24. 4 out of 5

    Mary

    Six months after returning from her first harrowing adventure to the void, Paola Santiago’s life seems drastically different from what it was before. Her best friends Dante and Emma have grown distant, her mother has a new boyfriend, and Pao is left feeling lost and alone. Riddled by a series of resurfacing nightmares, Pao finds herself burdened by questions she is unable to answer. When she reaches out to Señora Mata for guidance and the older woman falls unconscious, Pao knows she must follow Six months after returning from her first harrowing adventure to the void, Paola Santiago’s life seems drastically different from what it was before. Her best friends Dante and Emma have grown distant, her mother has a new boyfriend, and Pao is left feeling lost and alone. Riddled by a series of resurfacing nightmares, Pao finds herself burdened by questions she is unable to answer. When she reaches out to Señora Mata for guidance and the older woman falls unconscious, Pao knows she must follow the path her nightmares have shown her to restore both her relationships and Señora Mata’s life, whatever it takes. This second in the Paola Santiago series picks up in an unexpected way following the conclusion of the first installment. Instead of remaining close with Emma and Dante after their journey together, Pao instead feels abandoned by everyone she loves. Raging pre-teen hormones send her over the edge, causing Pao to do things she might not otherwise have done in retaliation for what her life has become. As Pao follows her intuition, she begins to trust herself and learns to appreciate all she has and where she comes from. Layered into this story are multiple references to the challenges people of color - especially those of a Latinx background - face on a daily basis. Every time Pao finds herself in troubling situations, concern about the reaction of police leads her into more independent behavior. Spanish words and phrases are included throughout the story, enriching the narrative and becoming an intrinsic part of Pao’s world. Presented in the same font as the adjacent English words and phrases, this approach lends a bilingual flavor to the narrative, even as Pao is working to learn Spanish herself. Despite the challenges it brings, Pao’s adventures lead her to become prouder of her heritage with each passing day. Fans of the first book in the Paola Santiago series and the other tales in Rick Riordan’s extensive canon will love the style and presentation of this book. Through gripping action sequences and a deep connection to Mexican mythology and folklore, this story draws readers in regardless of their backgrounds. Connecting the supernatural elements of La Llorona and other characters from Mexican storytelling to the modern American landscape, this is a compelling and emotional tale for middle grade readers.

  25. 5 out of 5

    Rajiv

    [Blog]::[Youtube]::[Twitter]::[Instagram]::[Pinterest]::[Bloglovin] “Paola Santiago and the Forest of Nightmares” is a book that I was highly anticipating reading because I loved the first book, and it did not disappoint! While I devoured the first book in one sitting, I loved this story more than “River of Tears.” The author makes sure to stay true to the theme of the first story yet, making it distinctive from it at the same time. I felt the story picked up full speed when Pao goes to see Se [Blog]::[Youtube]::[Twitter]::[Instagram]::[Pinterest]::[Bloglovin] “Paola Santiago and the Forest of Nightmares” is a book that I was highly anticipating reading because I loved the first book, and it did not disappoint! While I devoured the first book in one sitting, I loved this story more than “River of Tears.” The author makes sure to stay true to the theme of the first story yet, making it distinctive from it at the same time. I felt the story picked up full speed when Pao goes to see Señora Mata at the hospital. Hospitals tend to creep me out in general, and this book had scenes with creepy supernatural stuff taking place that gave me shivers. The story brilliantly continues as we have mysterious creatures like the Fantasma and beasts, a crazy road trip, and many other twists and turns. Paola is again fantastic, and I feel she is one of my top favorite characters in the RRP series world. She goes through a lot in the story, and I could not turn my eyes away when she meets her father. Moreover, I was surprised by Paola’s friendship with Naomi in the tale, as it was not something I anticipated. The two of them form a very dynamic duo as they go on their adventure. Similarly, the author shocks us with incidents surrounding Dante, Emma, and even Pao’s mom. On a side note, I also liked the LGBTQ nod around Emma and that we got to know more about her in this book. Overall, “Paola Santiago and the Forest of Nightmares” is an excellent continuation of the “Paola Santiago” series and exceeded my expectations. I wonder how the third book can top it off.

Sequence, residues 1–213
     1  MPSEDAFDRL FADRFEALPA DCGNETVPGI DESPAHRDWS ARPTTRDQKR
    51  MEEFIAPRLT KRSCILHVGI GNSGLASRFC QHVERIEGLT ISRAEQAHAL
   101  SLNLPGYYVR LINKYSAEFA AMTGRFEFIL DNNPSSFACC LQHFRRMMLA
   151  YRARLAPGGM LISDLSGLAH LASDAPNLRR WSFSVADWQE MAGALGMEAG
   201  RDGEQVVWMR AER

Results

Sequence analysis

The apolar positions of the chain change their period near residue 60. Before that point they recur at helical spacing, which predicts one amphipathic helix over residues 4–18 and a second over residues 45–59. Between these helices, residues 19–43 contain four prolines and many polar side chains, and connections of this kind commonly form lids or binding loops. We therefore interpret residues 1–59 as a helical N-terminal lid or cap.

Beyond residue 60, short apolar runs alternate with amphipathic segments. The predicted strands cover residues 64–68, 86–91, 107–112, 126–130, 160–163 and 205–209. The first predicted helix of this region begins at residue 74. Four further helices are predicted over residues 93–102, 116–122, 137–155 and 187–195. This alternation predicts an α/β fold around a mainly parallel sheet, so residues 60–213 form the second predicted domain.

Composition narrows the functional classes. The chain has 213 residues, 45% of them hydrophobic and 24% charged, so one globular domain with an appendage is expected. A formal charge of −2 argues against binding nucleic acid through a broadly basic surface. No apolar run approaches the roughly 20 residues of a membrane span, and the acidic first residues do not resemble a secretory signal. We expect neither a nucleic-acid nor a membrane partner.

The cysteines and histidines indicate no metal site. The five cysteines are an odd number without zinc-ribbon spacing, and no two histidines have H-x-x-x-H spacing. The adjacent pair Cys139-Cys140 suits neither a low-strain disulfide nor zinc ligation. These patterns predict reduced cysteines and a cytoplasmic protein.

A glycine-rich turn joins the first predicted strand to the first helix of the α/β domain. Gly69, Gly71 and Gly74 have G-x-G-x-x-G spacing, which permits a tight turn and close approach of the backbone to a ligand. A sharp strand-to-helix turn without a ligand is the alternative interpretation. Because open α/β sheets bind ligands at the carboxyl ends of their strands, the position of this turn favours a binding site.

26. 5 out of 5

    Brittney Tyler